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As noted critic Pauline Kael wrote, the 1987 box-office hit
The Untouchables is like an attempt to visualize the public's collective dream of Chicago gangsters. In other words, this lavish reworking of the vintage TV series is a rousing potboiler from a bygone era, so beautifully designed and photographed--and so craftily directed by Brian De Palma--that the historical reality of Prohibition-era Chicago could only pale in comparison. From a script by David Mamet, the movie pits four underdog heroes (the maverick lawmen known as the Untouchables) against a singular villain in Al Capone, played by Robert De Niro as a dapper caesar holding court (and a baseball bat) against any and all challengers. Kevin Costner is the naive federal agent Eliot Ness, whose lack of experience is tempered by the streetwise alliance of a seasoned Chicago cop (Sean Connery, in an Oscar-winning performance), a rookie marksman (Andy Garcia), and an accountant (Charles Martin Smith) who holds the key to Capone's potential downfall. The movie approaches greatness on the strength of its set pieces, such as the siege near the Canadian border, the venal ambush at Connery's apartment, and the train-station shootout partially modeled after the Odessa steps sequences of the Russian classic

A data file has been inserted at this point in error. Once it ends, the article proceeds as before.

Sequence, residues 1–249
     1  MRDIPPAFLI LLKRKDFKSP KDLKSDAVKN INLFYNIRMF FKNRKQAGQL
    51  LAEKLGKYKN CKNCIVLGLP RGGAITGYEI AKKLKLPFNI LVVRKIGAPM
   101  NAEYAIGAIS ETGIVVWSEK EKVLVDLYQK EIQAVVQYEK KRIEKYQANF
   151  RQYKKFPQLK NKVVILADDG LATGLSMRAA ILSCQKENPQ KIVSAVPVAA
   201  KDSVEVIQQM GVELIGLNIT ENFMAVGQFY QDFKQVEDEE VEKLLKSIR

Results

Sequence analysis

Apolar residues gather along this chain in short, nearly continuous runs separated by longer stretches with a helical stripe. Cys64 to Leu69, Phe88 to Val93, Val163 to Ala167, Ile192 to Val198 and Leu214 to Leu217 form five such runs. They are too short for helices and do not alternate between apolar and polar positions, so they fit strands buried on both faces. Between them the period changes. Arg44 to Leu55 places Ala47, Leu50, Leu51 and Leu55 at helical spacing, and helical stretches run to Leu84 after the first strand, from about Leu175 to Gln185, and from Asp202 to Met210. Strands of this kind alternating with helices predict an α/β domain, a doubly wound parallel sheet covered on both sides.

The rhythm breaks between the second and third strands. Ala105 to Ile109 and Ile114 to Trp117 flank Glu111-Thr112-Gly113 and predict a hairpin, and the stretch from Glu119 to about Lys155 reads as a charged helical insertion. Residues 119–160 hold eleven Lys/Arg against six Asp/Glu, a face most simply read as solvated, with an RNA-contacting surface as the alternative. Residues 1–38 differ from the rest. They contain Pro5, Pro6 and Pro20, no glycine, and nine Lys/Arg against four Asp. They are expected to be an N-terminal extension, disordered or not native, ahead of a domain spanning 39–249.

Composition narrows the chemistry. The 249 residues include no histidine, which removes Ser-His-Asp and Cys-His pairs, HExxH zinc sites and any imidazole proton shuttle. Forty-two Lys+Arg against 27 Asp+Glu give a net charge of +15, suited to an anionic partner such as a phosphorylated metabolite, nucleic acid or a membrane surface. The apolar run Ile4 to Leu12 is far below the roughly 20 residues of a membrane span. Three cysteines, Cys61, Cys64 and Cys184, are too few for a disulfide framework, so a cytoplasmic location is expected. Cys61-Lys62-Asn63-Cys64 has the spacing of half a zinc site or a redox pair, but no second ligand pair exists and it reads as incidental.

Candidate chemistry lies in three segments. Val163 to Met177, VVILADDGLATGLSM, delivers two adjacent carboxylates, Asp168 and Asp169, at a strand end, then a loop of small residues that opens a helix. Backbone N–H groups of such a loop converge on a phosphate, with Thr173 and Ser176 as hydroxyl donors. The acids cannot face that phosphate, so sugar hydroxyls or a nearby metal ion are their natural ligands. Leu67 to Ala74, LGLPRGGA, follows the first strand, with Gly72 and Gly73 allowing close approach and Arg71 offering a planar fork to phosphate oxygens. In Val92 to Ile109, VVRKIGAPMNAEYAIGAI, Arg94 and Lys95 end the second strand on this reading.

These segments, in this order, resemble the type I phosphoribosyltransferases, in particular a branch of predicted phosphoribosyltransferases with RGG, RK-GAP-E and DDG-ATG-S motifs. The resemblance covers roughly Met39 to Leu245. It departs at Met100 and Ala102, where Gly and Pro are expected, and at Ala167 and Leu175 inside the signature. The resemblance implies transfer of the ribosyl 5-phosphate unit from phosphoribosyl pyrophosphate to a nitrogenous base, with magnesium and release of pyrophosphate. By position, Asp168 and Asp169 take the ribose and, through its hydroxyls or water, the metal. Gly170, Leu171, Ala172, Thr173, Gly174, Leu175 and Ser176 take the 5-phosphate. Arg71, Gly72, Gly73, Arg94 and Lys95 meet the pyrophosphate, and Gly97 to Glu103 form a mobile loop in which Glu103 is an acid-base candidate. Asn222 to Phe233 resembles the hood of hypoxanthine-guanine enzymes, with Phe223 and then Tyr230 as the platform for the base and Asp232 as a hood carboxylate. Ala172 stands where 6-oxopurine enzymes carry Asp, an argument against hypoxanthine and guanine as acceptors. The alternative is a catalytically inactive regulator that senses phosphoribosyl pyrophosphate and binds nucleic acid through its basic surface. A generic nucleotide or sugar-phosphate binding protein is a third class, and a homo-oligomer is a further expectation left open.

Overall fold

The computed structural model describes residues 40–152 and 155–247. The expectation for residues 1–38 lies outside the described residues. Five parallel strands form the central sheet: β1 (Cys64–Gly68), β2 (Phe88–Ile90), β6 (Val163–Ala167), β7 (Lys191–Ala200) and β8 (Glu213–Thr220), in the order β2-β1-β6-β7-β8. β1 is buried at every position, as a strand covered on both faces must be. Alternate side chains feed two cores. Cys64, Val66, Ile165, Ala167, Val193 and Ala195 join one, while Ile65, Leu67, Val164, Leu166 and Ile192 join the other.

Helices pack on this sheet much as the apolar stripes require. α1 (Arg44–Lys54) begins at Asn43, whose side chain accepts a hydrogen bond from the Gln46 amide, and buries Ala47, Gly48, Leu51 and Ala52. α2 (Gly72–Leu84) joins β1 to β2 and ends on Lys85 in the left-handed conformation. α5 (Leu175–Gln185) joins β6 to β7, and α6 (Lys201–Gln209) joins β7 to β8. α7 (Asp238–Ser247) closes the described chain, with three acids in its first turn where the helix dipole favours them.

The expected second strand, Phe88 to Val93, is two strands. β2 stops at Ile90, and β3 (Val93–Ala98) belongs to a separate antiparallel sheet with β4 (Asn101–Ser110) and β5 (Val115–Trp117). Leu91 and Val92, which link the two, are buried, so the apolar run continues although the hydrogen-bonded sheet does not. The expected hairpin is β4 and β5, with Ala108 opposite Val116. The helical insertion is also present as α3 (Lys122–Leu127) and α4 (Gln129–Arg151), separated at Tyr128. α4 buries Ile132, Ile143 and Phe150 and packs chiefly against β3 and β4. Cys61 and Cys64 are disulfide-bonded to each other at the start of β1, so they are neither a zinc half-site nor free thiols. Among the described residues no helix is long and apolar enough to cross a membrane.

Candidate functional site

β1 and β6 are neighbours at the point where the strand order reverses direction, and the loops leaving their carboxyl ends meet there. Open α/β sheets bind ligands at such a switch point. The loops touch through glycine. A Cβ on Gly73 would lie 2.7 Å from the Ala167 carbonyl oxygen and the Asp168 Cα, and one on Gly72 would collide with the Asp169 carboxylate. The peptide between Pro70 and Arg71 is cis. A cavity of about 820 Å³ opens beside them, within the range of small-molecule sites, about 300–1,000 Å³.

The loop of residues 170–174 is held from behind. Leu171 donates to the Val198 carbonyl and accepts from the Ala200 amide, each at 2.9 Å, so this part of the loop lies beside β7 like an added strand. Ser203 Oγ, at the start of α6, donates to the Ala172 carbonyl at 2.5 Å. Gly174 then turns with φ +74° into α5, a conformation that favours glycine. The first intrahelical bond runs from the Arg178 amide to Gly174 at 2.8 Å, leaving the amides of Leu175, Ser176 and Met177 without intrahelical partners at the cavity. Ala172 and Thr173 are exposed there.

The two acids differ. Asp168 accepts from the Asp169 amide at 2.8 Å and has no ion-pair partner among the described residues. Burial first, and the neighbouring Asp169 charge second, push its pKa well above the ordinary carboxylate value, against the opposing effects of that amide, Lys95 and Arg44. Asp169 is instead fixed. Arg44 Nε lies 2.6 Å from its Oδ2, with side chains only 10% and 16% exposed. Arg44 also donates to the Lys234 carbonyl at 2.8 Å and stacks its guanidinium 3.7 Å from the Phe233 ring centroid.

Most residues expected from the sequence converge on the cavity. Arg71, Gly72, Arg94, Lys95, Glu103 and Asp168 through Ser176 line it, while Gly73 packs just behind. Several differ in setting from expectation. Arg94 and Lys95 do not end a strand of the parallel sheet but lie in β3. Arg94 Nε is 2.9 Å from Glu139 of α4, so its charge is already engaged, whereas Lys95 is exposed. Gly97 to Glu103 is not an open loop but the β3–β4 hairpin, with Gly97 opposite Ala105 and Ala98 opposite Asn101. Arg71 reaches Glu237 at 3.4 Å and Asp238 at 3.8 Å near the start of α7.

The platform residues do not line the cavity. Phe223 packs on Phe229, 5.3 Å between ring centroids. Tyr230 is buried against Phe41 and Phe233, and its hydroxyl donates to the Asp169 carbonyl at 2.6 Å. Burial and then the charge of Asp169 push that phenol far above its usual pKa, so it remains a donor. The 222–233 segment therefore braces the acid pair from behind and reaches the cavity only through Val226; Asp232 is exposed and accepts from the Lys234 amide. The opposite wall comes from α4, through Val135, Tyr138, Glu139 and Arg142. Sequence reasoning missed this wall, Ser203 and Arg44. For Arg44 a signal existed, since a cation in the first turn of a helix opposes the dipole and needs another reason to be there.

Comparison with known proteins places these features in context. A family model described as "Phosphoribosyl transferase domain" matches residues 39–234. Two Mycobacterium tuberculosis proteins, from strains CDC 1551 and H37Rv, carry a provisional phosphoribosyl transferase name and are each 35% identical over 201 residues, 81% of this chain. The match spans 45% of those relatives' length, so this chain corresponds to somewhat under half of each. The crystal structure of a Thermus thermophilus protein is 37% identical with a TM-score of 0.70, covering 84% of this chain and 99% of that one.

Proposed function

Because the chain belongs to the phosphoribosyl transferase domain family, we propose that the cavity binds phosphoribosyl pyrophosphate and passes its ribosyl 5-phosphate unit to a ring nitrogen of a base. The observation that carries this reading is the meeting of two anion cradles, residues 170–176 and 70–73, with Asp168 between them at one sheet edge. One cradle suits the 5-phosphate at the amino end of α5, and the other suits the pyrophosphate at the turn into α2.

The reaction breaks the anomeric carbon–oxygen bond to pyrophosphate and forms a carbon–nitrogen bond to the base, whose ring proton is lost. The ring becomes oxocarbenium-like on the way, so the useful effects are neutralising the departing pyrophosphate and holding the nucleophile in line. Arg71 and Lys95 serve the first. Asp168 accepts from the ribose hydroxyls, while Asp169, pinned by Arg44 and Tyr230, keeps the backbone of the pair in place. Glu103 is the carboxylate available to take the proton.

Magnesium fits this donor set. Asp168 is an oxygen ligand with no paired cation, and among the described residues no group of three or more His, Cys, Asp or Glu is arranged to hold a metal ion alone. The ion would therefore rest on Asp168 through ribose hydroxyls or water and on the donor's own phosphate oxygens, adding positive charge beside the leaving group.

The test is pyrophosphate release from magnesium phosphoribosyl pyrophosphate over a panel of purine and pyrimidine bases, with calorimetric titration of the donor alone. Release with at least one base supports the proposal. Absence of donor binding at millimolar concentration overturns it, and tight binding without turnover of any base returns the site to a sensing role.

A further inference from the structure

Battleship Potemkin. It's thrilling stuff, fueled by Ennio Morricone's dynamic score, but it's also manipulative and obvious. If you're inclined to be critical, the movie gives you reason to complain. If you'd rather sit back and enjoy a first-rate production with an all-star cast,
The Untouchables may very well strike you as a classic.